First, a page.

Unfortunately, Parenting Orders are not the end of the matter for some parties.

A parent contravenes Parenting Orders when:

  • He or she fails to comply with the Parenting Orders.
  • He or she takes action that prevents the other parent from spending time with the children in accordance with the Parenting Orders.

The Family Law Act 1975 sets out different categories of contraventions. Each category carries a different penalty.

Excuses for contravention of Parenting Orders

If a contravention has occurred, the Court considers whether there is a reasonable excuse for the contravention. This may be because:

  1. At the time of the contravention the party did not understand the obligations imposed by the Parenting Orders and the Court considers it reasonable that they be excused; or
  2. The person has reasonable grounds to believe that a contravention of the Parenting Order was necessary to protect the health and safety of a child and the contravention did not last longer than necessary.

Contravention of Parenting Orders categories

The different categories of contraventions that the Court considers are as follows:

  • One party alleges a contravention but is unable to prove.
  • A contravention is proved but there is a reasonable excuse.
  • There has been a less serious contravention but there is no reasonable excuse.
  • There has been a serious contravention and there is no reasonable excuse.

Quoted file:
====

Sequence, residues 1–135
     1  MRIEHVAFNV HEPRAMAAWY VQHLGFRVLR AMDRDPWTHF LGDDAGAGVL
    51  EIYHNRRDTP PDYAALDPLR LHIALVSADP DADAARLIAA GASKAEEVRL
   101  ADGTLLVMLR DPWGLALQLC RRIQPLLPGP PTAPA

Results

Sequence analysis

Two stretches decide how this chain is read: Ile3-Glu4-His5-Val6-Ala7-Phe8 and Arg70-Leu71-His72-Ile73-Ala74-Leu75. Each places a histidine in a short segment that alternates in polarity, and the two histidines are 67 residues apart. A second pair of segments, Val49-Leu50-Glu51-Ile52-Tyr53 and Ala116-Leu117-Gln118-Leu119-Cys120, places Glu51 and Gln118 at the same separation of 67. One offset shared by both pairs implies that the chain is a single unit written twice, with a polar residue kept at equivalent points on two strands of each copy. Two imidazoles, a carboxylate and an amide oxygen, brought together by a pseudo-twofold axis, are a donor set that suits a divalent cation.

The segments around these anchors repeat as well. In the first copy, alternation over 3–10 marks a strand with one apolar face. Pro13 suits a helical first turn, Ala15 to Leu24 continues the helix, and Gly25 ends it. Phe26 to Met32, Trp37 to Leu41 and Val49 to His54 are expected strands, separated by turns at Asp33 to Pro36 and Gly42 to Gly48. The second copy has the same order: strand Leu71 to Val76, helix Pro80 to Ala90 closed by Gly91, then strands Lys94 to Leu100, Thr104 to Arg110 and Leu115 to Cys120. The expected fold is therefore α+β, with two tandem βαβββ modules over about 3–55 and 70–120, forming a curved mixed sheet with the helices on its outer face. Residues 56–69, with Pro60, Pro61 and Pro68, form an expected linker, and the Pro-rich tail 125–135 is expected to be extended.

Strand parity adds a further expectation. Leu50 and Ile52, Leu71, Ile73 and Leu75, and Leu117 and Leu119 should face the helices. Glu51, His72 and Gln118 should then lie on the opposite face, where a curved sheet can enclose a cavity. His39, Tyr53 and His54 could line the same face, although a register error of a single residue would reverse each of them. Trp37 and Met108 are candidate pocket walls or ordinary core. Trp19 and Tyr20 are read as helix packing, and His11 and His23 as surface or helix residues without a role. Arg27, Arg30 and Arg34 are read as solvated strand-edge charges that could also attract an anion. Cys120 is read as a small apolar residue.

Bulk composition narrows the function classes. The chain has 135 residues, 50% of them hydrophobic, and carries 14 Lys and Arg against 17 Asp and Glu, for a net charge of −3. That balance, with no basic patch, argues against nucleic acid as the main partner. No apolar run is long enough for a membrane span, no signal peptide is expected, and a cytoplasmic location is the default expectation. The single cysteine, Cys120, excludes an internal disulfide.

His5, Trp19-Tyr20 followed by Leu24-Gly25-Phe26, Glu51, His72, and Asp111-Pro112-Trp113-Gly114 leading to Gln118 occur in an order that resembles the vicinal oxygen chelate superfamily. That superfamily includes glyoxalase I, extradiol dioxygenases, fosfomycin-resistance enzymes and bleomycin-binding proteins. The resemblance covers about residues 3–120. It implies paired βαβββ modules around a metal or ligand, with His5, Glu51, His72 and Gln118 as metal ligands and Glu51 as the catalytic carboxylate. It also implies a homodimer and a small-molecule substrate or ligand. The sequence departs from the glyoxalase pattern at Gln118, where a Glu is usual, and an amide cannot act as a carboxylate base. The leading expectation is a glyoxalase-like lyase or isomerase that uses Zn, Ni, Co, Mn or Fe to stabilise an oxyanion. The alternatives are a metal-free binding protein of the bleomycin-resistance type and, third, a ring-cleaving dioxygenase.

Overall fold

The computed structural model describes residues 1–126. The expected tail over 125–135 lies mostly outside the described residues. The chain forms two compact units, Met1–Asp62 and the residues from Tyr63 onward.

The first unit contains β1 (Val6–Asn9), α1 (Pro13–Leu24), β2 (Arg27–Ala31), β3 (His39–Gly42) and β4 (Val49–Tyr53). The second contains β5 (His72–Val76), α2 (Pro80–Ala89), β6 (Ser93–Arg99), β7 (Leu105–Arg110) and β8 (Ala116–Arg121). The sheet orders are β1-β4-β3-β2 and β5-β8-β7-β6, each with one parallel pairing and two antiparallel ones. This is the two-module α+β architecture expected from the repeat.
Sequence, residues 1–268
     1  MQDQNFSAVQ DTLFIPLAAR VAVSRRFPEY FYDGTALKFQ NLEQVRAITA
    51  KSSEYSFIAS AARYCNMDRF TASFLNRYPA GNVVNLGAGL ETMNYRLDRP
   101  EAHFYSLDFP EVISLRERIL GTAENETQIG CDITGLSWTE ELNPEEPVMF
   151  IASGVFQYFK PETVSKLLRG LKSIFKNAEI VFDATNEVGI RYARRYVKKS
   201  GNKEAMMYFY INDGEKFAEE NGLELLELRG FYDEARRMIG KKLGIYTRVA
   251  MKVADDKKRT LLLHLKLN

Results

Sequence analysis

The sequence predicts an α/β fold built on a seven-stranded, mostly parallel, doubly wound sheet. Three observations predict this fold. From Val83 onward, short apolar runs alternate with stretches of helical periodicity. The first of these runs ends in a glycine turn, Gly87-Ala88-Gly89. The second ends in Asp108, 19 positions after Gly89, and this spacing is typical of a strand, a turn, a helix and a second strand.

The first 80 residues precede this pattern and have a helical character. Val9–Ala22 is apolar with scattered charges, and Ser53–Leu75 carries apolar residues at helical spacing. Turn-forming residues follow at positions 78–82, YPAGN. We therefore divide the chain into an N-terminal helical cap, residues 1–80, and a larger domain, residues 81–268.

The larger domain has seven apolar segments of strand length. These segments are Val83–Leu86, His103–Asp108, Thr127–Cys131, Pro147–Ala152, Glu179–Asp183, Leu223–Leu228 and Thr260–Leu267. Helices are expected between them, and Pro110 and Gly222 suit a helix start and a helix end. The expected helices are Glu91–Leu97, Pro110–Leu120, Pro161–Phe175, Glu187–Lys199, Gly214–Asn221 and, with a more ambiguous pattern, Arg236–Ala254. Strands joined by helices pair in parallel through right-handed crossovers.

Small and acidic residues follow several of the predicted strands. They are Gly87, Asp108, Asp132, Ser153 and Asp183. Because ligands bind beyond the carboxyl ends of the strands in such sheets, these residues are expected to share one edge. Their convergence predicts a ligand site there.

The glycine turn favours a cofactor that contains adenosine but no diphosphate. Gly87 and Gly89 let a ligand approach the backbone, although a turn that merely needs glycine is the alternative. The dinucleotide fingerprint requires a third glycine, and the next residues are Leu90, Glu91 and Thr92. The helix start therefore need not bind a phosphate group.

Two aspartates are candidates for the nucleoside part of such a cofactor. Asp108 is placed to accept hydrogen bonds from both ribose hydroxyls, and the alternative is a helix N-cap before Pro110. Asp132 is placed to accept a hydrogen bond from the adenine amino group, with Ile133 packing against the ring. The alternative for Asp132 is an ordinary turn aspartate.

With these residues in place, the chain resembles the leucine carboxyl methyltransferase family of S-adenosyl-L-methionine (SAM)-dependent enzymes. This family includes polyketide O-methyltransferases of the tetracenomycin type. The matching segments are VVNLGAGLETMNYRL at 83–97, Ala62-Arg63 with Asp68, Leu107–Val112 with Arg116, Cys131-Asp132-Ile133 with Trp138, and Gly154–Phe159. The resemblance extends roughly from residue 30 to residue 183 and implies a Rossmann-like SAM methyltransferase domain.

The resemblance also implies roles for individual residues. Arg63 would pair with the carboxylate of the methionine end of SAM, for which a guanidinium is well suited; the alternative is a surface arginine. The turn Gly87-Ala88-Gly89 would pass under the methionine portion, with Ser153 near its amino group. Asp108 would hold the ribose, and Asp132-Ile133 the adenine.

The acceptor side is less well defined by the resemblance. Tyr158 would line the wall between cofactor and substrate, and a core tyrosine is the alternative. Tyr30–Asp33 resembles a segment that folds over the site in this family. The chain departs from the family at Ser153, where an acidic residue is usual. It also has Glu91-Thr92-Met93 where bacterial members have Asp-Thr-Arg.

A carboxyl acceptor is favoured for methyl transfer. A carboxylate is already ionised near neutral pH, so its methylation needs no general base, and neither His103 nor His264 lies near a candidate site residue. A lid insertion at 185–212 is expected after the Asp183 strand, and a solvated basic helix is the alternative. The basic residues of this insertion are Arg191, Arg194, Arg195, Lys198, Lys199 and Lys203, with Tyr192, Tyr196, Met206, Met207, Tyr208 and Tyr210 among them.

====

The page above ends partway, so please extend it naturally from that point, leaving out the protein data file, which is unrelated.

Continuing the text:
Depending upon the nature of the contravention and whether there is an excuse, penalties imposed by the Court can range from nothing, a requirement to attend a parenting program, legal costs, fines, a community service Order or in the most serious of cases, imprisonment.

An example of a serious contravention and a resultant Order for imprisonment is set out in the 2003 case of B & W heard in the Federal Magistrates Court. The Mother was ultimately imprisoned for 7 months for continuously failing to comply with the Parenting Order.

Remedies for contravention range from enforcement of the Parenting Order to imprisonment.

Practical Tips

  • Not agreeing with the other parent’s style of parenting or lifestyle is not a sufficient ground to contravene Parenting Orders. There must be an exceptional reason and one that is not contemplated by the Orders.
  • If the other parent is repeatedly failing to comply with the Parenting Orders, you should seek legal advice in respect of making a contravention application.
  • If possible, counselling is always the preferred option to try and reach a resolution. Legal costs are a factor if you decide to make a Court Application, as is improving your relationship with the other parent.
  • Seek legal advice prior to filing your application for contravention to assess whether compliance with the pre-action Family Dispute Resolution process is required prior to filing a Court Application.
  • Document any contraventions by sending a letter or email to the other party contemporaneous with the contravention. These communications can be attached to your Court Application if necessary as proof of the contraventions.

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